I published a consultation paper on 12 October that seeks views on the most appropriate single-tier structure for local government in Scotland. I have asked for responses by the end of January next year.
Given that a major document was published but not presented to the House, does not the Secretary of State owe right hon. and hon. Members an apology? The report was published at an extensive press conference in Glasgow a few days before the House returned, when—if there is to be any element of democracy in these matters—a statement should have been made to the House itself. What is the justification for embarking on local government reform in the midst of the longest recession for half a century, and who asked the Secretary of State to do so? If this is an exercise in democracy, why is the Secretary of State allowing a mere three months for the kind of response that he claims to welcome—particularly when there was a commission for England but not for Scotland?
Does it not strike the Secretary of State as ironic that in answering an earlier question, he said that the Government do not have a policy for water? How can there be a genuine review of local government when we do not know the Government's thinking on the structure of the Scottish water industry? If the Secretary of State wants a policy, he should take our advice and make a U-turn over his determination to privatise water, which is overwhelmingly opposed by the people of Scotland. Unless the right hon. Gentleman wants to impose on Scotland the chaos—
Oh dear. Let me try to help the hon. Gentleman. On the one hand, he asked why we had produced the consultation paper before the resumption of the parliamentary Session; on the other hand, he asked for a long consultation period. We produced the consultation paper last week so that we could have as long a consultation period as possible, lasting until the end of January and still leaving us time to present the House with a considered policy decision, to prepare legislation and to bring it before Parliament. I should have thought that that was fairly evident.
The hon. Gentleman also asked me about the degree of interest in local government. I note that, in an otherwise dull article in today's Glasgow Herald, he describes local government reform as an irrelevance. He may like to know that we have received 68,000 requests for our leaflet on local government reform, a further 10,000 for the full consultation paper and more than 400 for the video. That, I think, demonstrates the dramatic interest in local government reform that exists throughout Scotland.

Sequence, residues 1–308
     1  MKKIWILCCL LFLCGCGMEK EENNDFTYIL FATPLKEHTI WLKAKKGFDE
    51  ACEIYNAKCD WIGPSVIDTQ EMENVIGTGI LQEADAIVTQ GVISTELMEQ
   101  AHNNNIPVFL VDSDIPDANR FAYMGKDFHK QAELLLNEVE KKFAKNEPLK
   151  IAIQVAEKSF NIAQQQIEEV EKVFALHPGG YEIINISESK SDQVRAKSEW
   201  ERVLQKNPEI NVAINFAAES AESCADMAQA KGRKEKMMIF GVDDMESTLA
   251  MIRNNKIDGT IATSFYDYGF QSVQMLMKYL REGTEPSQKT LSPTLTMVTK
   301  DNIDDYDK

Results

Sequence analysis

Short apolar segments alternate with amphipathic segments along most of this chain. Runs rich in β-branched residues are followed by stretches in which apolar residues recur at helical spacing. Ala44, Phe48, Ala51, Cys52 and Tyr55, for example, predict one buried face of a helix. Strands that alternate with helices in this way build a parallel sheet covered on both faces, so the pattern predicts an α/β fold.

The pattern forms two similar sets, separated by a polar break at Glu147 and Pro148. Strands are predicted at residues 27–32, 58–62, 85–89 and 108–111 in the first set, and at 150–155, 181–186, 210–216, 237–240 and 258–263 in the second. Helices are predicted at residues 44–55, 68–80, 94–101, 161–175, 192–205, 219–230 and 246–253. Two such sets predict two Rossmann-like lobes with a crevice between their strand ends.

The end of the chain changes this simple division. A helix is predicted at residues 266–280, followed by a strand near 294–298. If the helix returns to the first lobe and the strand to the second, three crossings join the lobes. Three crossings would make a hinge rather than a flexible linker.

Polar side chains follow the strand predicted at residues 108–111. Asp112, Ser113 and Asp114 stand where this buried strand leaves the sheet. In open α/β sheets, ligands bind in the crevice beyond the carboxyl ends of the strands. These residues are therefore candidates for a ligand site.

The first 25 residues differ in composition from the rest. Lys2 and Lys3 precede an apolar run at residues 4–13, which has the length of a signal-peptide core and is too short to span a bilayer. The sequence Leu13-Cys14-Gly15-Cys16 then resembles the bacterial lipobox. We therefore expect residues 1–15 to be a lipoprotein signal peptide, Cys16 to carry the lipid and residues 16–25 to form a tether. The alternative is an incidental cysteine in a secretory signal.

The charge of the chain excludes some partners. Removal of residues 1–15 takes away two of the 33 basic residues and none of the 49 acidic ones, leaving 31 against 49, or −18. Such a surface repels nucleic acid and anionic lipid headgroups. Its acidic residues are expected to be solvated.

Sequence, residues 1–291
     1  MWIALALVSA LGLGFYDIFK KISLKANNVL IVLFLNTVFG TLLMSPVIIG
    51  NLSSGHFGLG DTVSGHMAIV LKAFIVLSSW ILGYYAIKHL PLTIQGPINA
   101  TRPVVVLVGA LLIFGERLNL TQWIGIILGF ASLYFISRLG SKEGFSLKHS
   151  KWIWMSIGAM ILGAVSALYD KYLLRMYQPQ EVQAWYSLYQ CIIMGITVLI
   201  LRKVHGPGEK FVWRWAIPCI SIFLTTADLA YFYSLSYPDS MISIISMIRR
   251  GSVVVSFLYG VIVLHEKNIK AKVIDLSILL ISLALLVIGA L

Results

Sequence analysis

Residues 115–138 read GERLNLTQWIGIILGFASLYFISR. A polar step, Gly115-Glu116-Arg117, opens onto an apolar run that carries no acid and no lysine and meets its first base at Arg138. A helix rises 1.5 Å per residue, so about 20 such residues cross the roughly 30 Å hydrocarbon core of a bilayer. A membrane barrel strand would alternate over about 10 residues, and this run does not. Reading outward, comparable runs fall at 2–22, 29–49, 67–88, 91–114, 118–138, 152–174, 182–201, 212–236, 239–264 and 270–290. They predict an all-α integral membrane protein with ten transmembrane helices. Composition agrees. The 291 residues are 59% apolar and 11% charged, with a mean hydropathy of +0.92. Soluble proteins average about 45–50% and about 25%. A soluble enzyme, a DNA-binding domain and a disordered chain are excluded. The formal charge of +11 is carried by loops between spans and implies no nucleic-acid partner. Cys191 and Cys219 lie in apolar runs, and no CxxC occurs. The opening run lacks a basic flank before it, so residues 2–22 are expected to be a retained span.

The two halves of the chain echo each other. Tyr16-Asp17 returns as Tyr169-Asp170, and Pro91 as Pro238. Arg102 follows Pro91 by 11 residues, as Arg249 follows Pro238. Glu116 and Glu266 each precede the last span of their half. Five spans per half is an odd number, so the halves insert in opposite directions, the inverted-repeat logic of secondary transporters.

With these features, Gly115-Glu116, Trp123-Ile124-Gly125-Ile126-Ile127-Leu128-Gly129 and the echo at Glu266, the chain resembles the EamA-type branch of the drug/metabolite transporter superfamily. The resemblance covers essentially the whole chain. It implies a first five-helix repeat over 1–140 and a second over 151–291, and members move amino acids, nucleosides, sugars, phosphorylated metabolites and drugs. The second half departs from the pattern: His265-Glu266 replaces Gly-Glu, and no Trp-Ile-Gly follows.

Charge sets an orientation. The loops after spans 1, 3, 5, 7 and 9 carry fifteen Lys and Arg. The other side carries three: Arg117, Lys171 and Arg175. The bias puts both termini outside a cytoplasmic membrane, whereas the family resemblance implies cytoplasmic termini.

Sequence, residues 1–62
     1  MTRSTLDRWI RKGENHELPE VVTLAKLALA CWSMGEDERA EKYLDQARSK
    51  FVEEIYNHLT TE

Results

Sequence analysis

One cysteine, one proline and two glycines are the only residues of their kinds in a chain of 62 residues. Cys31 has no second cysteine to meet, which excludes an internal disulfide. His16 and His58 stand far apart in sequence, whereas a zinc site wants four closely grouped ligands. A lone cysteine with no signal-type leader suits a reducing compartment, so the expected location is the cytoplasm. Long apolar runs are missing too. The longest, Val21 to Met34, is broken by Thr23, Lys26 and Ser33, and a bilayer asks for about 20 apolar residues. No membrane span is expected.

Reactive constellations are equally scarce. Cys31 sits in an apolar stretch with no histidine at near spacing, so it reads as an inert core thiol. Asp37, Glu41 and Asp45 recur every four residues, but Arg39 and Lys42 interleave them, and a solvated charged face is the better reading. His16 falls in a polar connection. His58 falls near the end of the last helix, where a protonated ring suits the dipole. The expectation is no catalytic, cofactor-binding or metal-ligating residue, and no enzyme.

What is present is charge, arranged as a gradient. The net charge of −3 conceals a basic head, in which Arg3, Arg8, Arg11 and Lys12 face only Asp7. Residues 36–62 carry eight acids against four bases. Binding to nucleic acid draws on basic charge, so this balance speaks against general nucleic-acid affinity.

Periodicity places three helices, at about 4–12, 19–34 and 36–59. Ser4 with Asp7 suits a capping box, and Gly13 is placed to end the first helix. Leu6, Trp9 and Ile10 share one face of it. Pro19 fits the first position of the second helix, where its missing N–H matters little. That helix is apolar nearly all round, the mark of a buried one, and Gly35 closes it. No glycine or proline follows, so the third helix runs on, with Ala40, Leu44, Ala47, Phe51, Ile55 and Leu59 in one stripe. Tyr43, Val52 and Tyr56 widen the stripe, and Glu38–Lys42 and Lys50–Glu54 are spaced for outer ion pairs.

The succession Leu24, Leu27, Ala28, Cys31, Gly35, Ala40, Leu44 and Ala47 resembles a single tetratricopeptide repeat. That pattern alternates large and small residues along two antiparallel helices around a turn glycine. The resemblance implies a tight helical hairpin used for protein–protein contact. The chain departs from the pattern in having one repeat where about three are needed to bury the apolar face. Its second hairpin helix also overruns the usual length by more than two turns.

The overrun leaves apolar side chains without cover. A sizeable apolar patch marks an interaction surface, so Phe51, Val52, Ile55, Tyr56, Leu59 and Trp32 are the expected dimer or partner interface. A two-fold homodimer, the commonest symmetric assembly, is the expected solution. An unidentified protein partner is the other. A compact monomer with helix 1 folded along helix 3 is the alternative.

There is indeed a consensus that government in Scotland needs to be reviewed, starting with the Secretary of State's own office. Does the right hon. Gentleman accept that there is an equally strong consensus in Scotland that the troglodytes of the Scottish Office who gave us the poll tax cannot be trusted with the task of redrawing the maps of Scottish local government?
The consultation document refers to the Wheatley commission. Does the Secretary of State recall that the commission included not only Labour party supporters and local government specialists, but Miss Betty Harvie-Anderson, the former Member for Parliament for Eastwood, and the hon. Member for Inverness, Nairn and Lochaber (Sir R. Johnston)? On this day of independent reviews, will the Secretary of State accept the case for a fair, independent review of the future of Scottish local government?
One of the reasons why the consultation paper has been so widely welcomed is that it lays out alternatives, options and illustrative choices in an entirely neutral and fair-minded way. That is our purpose: to consult the people of Scotland and to obtain their views so that we can make a decision.
The hon. Gentleman mentioned the Wheatley commission. He forgets that the decisions on boundaries made in the last local government reform were made by Parliament—and it is Parliament which will make the decision this time.
Does the Secretary of State accept that one of the reasons why such interest has been expressed in his consultation document is the fact that many jobs may be at risk? The Government's irrelevant project has led to a hiatus in the morale of local government professional staff.